Loanwords and Anglicisms in Spanish: Words you already know

Loanwords in Spanish

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In a recent BaseLang post we discussed the common phenomenon of Spanglish, whereby people switch fluidly between Spanish and English within the same conversation. While that habit is mostly observed among bilingual populations, the phenomenon of English loanwords in Spanish has a much greater reach.

Today we’ll look at a selection of English loanwords that are taking root across the Spanish-speaking world. We can also consider many of these to be anglicisms, or anglicismos in Spanish.

We’ll start our post by examining exactly what we mean by loanwords and anglicisms, and then we’ll get into our lists. We’ll see some English words that are used in their exact same forms in Spanish, and others that have undergone some changes to reach their Spanish forms.

And what’s the best news about all of this for Spanish learners? It’s that loanwords and anglicisms are words that you already know from English, so you can easily start using them in Spanish!

What are loanwords?

Loanwords are terms borrowed from one language and incorporated into another. Often, this can be attributed to the globalization of cultures, whether through music, politics, or business. It also happens organically within multilingual communities, where speakers use certain words from another language enough that their use becomes commonplace among that community.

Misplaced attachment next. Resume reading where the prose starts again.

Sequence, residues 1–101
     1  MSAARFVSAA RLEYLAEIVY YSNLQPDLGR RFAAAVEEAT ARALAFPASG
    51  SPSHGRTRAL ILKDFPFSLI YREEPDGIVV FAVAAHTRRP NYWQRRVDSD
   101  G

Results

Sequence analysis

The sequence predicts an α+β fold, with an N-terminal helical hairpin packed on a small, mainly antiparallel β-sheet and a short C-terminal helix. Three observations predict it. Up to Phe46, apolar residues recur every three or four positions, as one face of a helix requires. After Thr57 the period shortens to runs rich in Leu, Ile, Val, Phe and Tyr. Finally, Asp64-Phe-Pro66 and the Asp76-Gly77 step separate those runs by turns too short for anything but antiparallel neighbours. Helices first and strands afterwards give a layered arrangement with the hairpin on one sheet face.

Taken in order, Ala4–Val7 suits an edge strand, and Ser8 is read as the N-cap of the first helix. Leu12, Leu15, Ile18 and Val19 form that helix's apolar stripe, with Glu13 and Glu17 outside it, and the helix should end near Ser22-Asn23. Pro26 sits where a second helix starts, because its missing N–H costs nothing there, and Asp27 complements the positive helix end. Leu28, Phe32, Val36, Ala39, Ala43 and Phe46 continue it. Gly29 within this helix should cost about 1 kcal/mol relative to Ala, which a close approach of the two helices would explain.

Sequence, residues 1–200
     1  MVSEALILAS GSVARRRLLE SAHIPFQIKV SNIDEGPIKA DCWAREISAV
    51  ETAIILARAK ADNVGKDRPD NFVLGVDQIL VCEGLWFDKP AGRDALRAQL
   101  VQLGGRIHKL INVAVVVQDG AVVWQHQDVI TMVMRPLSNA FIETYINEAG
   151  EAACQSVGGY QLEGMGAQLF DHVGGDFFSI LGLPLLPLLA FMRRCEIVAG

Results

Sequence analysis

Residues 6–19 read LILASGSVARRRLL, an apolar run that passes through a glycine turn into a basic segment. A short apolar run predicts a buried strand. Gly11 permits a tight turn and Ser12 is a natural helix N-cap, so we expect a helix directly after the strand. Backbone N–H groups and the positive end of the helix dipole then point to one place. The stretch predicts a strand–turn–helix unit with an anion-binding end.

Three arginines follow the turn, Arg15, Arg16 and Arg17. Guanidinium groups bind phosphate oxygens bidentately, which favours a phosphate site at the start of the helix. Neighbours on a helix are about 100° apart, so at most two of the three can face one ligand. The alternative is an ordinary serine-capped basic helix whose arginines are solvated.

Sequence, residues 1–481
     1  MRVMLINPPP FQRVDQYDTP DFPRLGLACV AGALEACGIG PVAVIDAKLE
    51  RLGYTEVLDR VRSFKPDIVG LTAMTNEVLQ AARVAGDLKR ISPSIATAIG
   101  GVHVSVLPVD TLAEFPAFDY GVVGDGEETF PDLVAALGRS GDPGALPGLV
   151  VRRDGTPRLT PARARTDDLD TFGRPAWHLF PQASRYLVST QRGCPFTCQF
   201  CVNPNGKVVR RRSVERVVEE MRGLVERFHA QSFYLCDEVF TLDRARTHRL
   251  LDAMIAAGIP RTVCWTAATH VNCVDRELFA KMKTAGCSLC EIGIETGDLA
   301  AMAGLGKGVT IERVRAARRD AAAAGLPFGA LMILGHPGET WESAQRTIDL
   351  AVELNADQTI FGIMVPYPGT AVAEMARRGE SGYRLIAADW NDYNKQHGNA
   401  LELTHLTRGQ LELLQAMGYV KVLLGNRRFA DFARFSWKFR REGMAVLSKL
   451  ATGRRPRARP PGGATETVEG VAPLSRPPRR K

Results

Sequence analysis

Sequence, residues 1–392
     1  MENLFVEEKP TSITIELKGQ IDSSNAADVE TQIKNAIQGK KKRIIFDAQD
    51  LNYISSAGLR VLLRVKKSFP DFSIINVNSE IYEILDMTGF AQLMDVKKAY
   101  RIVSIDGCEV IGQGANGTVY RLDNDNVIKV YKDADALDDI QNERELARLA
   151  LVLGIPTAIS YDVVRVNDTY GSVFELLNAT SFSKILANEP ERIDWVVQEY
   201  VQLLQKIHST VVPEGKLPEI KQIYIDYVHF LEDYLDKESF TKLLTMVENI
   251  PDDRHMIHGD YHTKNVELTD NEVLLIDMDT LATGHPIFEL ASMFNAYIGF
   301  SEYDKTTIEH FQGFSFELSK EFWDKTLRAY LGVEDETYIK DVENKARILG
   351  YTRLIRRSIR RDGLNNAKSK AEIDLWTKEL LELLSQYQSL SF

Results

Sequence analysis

However it happens, when foreign words are eventually adopted into another language’s lexicon they’re known as loanwords. As the use of new English loanwords becomes more widespread, these words are added to Spanish dictionaries and recognized by the Royal Spanish Academy as being part of the language.

Keep in mind that since both Spanish and English have been evolving for centuries and share a lot of common roots, a lot of words appear identical between the two languages, like “local” or “idea.” These are not considered loanwords in either language, but are known rather as perfect cognates. Because of their similarities, English speakers often have trouble pronouncing these correctly in Spanish!

Fortunately for learners, English loanwords in Spanish maintain their English pronunciation along with their spelling!

What are anglicisms?

Words that are taken from English and used in Spanish often undergo adjustments to align with Spanish pronunciation and grammatical structures. These words are still clearly of foreign origin, even though they’ve become more Spanish. When these modified words have been borrowed from English, they’re known as anglicisms, or anglicismos in Spanish.

There’s often a fine line between an English loanword and an anglicism. For our purposes here, we’ll consider that the anglicisms have undergone some clear evolution to become more Spanish, whereas the English loanwords we present are still very close to their original spellings and pronunciations. Let’s see some examples of each in the following sections.

Spanish anglicisms: list